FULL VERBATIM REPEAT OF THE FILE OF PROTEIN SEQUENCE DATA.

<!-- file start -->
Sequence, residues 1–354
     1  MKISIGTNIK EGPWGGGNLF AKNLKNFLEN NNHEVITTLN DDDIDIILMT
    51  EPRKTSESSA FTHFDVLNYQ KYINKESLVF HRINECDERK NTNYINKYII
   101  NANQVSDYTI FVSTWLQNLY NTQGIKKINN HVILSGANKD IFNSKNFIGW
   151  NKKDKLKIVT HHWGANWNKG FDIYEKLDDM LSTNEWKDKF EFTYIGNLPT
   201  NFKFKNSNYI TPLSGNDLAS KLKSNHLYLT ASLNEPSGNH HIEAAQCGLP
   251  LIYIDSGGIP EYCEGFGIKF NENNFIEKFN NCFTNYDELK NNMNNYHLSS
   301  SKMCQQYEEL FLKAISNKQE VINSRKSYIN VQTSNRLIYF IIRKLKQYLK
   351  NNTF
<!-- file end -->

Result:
Sequence, residues 1–354
     1  MKISIGTNIK EGPWGGGNLF AKNLKNFLEN NNHEVITTLN DDDIDIILMT
    51  EPRKTSESSA FTHFDVLNYQ KYINKESLVF HRINECDERK NTNYINKYII
   101  NANQVSDYTI FVSTWLQNLY NTQGIKKINN HVILSGANKD IFNSKNFIGW
   151  NKKDKLKIVT HHWGANWNKG FDIYEKLDDM LSTNEWKDKF EFTYIGNLPT
   201  NFKFKNSNYI TPLSGNDLAS KLKSNHLYLT ASLNEPSGNH HIEAAQCGLP
   251  LIYIDSGGIP EYCEGFGIKF NENNFIEKFN NCFTNYDELK NNMNNYHLSS
   301  SKMCQQYEEL FLKAISNKQE VINSRKSYIN VQTSNRLIYF IIRKLKQYLK
   351  NNTF